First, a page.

error and it may result in large control signals when the error signal is of high frequency.

3. TRANSFER FUNCTION MODEL OF THE TEMPERATURE CONTROL SYSTEM

The step response of the open loop system is obtained and the experimental data are shown in Table.1. From the step response of the open loop system, the transfer function model is obtained and is given by equation (6).

104e2.6s

G(s)

1 15.783s

(6)

Table. 1. Experimental Data of open loop system

4. CONTROL USING PID CONTROLLER

The process of selecting the controller parameters to meet given performance specifications is known as controller tuning. Ziegler and Nicholas [2] suggested rules for tuning PID controllers (meaning to set values Kp, Ti and Td ) based on experimental step responses or based on the value of Kp that results in marginal stability when only proportional control action is used. ZieglerNichols rules, which are briefly presented here, are useful when mathematical models of plants are not known.

There are two methods called ZieglerNicholas tuning rules: the first method and the second method.

1. First Method:

 Temperature (degrees) Time Interval (sec) 35 0 35.5 17 37 7 38 4 39 4 40 5 41 3 42 3 43 5 4 2 45 4 46 3 47 4 48 4 49 4 50 4 51 4 52 4 53 5 54 4 55 4 56 3 57 7 58 4 59 6 60 6 61 5 62 7 63 5 64 7 65 7
 Temperature (degrees) Time Interval (sec) 35 0 35.5 17 37 7 38 4 39 4 40 5 41 3 42 3 43 5 44 2 45 4 46 3 47 4 48 4 49 4 50 4 51 4 52 4 53 5 54 4 55 4 56 3 57 7 58 4 59 6 60 6 61 5 62 7 63 5 64 7 65 7

This method applies if the response to a step input exhibits an S-shaped curve. Such step-response curves may be generated experimentally or from a dynamic simulation of the plant. The S-shaped curve may be characterized by two constants, delay time L and time constant T. The delay time and time constant are determined by drawing a tangent line at the inflection point of the S-shaped curve and determining the intersections of the tangent line with the time axis and line c(t)=K, as shown in Fig. 2. The parameters of the PID are taken as:

Kp = 1.2 (T/L)

Ti = 2 L Td = 0.5 L

Fig.2. Ziegler-Nicolas Tuning Method-1

2. Second Method:

In the second method, we first set Ti = and Td = 0. Using the proportional control action only (see Fig. 3.), we increase Kp from 0 to a critical value Kcr at which the output exhibits sustained oscillations. Thus, the critical gain Kcr and the corresponding period Pcr are experimentally determined. Ziegler and Nicholas suggested that we set the values of the parameters Kp, Ti , and Td according to the formula shown below:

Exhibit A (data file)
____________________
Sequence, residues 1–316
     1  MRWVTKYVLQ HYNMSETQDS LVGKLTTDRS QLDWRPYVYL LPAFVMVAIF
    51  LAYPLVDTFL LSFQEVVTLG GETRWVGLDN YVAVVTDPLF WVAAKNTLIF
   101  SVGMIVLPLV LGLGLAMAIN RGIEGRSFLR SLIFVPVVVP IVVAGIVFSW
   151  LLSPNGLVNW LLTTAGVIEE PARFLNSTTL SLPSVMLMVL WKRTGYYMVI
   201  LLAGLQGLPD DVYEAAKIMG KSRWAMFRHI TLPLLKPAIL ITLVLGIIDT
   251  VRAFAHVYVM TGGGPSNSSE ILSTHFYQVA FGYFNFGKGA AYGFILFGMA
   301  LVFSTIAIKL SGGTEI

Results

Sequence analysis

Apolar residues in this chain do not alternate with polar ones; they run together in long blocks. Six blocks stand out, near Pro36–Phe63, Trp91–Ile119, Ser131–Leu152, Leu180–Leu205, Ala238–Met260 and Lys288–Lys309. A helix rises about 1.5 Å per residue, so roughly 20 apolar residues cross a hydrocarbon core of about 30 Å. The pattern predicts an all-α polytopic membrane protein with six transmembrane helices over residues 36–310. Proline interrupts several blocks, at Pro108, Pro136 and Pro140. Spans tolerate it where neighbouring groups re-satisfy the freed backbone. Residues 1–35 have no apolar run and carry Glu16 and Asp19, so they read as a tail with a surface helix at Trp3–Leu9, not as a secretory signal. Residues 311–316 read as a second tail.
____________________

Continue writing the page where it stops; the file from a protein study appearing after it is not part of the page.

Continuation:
Kp = 0.6 Kcr Ti = 0.5Pcr

Td = 0.125Pcr

Fig.3. Ziegler-Nicolas Tuning Method 2

The open loop response of the temperature control system is shown in Fig. 4. The response is a S-shaped curve and so we use Ziegler-Nicolas tuning method-1, to find the parameters of the PID controller. From the open loop step response curve the values of L and T are found to be 3 and 24 respectively. Hence, the parameters of the PID are:

Kp = 1.2 (T/L) = 9.6

Ti = 2 L = 6

Td = 0.5 L = 3

14.4s2 9.6s 1.6

Gc s

The closed loop response of the temperature control system controlled using the PID controller is shown in Fig. 5. and the step response parameters are shown in Table. 2.

Fig.5. Step response of the closed loop system

Table. 2. Step response parameters

 Settling Time (sec) Rise Time (sec) Overshoot (%) Open loop system 63.98 34.8 0 Closed loop system with PID 0.93 0.25 0
5. CONCLUSION

We have presented the transfer function model of a temperature control system. The step response characteristics of the system can be improved by using a PID controller. Ziegler-Nicolas tuning methods were discussed and using the plant model, the parameters of the PID controller were determined. Comparison of the open loop response of the system with respect to the closed loop response shows a significant improvement in the step response characteristics.

REFERENCES

1. K.J. Astrom, T. Hagglund, PID Controllers: Theory, Design and Tuning, 2nd Edition, Instrument Society of America, Research Triangle Park, 1995

2. Ogata, K., Modern Control Engineering, Prentice-Hall, Upper Saddle River, NJ, pp. 493-502, 2010

Fig.5. Step response of the closed loop system